- Designers & creatives
- Professors & educators
Sanjay Sarma is the Fred Fort Flowers (1941) and Daniel Fort Flowers (1941) Professor of Mechanical Engineering and the Vice President for Open Learning at MIT. He co-founded the Auto-ID Center at MIT and developed many of the key technologies behind the EPC suite of RFID standards now used worldwide. He was also the the…
Joichi “Joi” Ito has been recognized for his work as an activist, entrepreneur, venture capitalist and advocate of emergent democracy, privacy and Internet freedom. As director of the MIT Media Lab and a Professor of the Practice in Media Arts and Sciences, he is currently exploring how radical new approaches to science and technology can…
Shigeru Miyagawa is Senior Associate Dean for Open Learning at MIT. He was on the original MIT committee that proposed OpenCourseWare, and was the Chair of the MIT OpenCourseWare Faculty Advisory Committee, 2010 – 2013. He is also Co-director of Visualizing Cultures (visualizingcultures.mit.edu) with the Pulitzer Prize-winning historian, John W. Dower. With John Dower, Andrew Gordon of Harvard, and…
Andrew M. Radin is the co-founder and Chief Business Officer of twoXAR, a software-driven drug discovery company. Prior to founding twoXAR, Andrew was co-founder at Thyme Labs, a consumer-facing mobile scheduling company. His endeavours have spanned the globe and include living and working in China, Australia, the United States, and the United Kingdom. Andrew has…
As a COO and founder of Tenacity (acquired by Cogito Corp), Hanna was involved in all aspects of running an early business, including fundraising, finance, operations, and product development. Using research from the MIT Media Lab, Tenacity reduced attrition in call centers by building an online platform for call center agents that taught them how…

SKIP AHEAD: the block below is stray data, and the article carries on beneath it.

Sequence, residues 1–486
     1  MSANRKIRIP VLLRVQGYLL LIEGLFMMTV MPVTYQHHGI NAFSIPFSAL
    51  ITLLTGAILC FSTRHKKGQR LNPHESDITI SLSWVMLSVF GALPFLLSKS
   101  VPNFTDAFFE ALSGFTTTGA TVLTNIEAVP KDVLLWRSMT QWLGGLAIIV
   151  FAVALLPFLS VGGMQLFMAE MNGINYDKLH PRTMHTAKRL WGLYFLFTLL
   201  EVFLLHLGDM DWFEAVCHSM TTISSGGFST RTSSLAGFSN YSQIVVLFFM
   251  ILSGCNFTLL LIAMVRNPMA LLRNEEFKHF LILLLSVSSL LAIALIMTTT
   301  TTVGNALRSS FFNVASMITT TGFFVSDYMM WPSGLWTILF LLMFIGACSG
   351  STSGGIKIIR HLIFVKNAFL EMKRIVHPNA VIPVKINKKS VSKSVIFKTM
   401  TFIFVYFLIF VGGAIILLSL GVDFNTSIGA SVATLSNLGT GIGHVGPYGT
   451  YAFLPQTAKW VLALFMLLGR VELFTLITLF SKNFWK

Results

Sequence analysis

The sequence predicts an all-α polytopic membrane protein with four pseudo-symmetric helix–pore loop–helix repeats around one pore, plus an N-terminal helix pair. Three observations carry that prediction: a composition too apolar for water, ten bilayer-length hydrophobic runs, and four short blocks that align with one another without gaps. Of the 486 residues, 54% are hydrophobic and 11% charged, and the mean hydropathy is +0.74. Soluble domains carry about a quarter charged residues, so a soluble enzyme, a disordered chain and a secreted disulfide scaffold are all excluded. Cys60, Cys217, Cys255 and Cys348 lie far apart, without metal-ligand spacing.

Ken Endo is a CEO of Xiborg Inc., and associate researcher at Sony Computer Science Laboratories Inc., and . Endo received his PhD as a member of the Media Lab’s Biomechatronics group. At Sony CSL, he works on technology that rehabilitates and augments human physical capability, such as prostheses and orthoses. His team is now…
Vanessa Gurie spent 10 years leading Performance Medicine teams and the Global Performance Medicine Touring division at Cirque du Soleil across 48 countries. She also managed continuous operations on 5 continents with 21+ full time staff and provided medical services to 1200+ athletes from over 40 countries. She was instrumental in the implementation of the…
Josh Siegel is a postdoctoral associate in the Field Intelligence Laboratory at the Massachusetts Institute of Technology and the founder of several automotive startups. He received his PhD in Mechanical Engineering for his work developing architectures for the Internet of Things and applying connected system data to predicting mechanical failures. While at MIT, Siegel ran…
General Manager at Nubank Vitor is a partner at Nubank, Brazil’s largest fintech with over 4 million customers. He joined the fintech company in 2014 and has helped build, maintain, and scale Nubank’s financial products, accounting systems, and securitization strategy. Since 2016 he has lead the team that developed NuConta, Nubank’s digital checking account. Before…
Sandra Y. Richter is the co-founder and CEO of Soofa, Inc., a spinout from the Media Lab at the Massachusetts Institute of Technology. While at MIT, she worked with municipalities in South Africa, Japan, China and Europe on smart transportation systems in collaboration with companies like Volkswagen, Lockheed Martin, and Verizon to define smart city…
Miles Barr, PhD is co-founder and CEO of Ubiquitous Energy, a Silicon Valley technology company leading the development of transparent photovoltaics for a wide range of products as an invisible, onboard source of electricity. Barr has led the development of next generation solar technologies for the past decade. For his innovations, Barr has been named…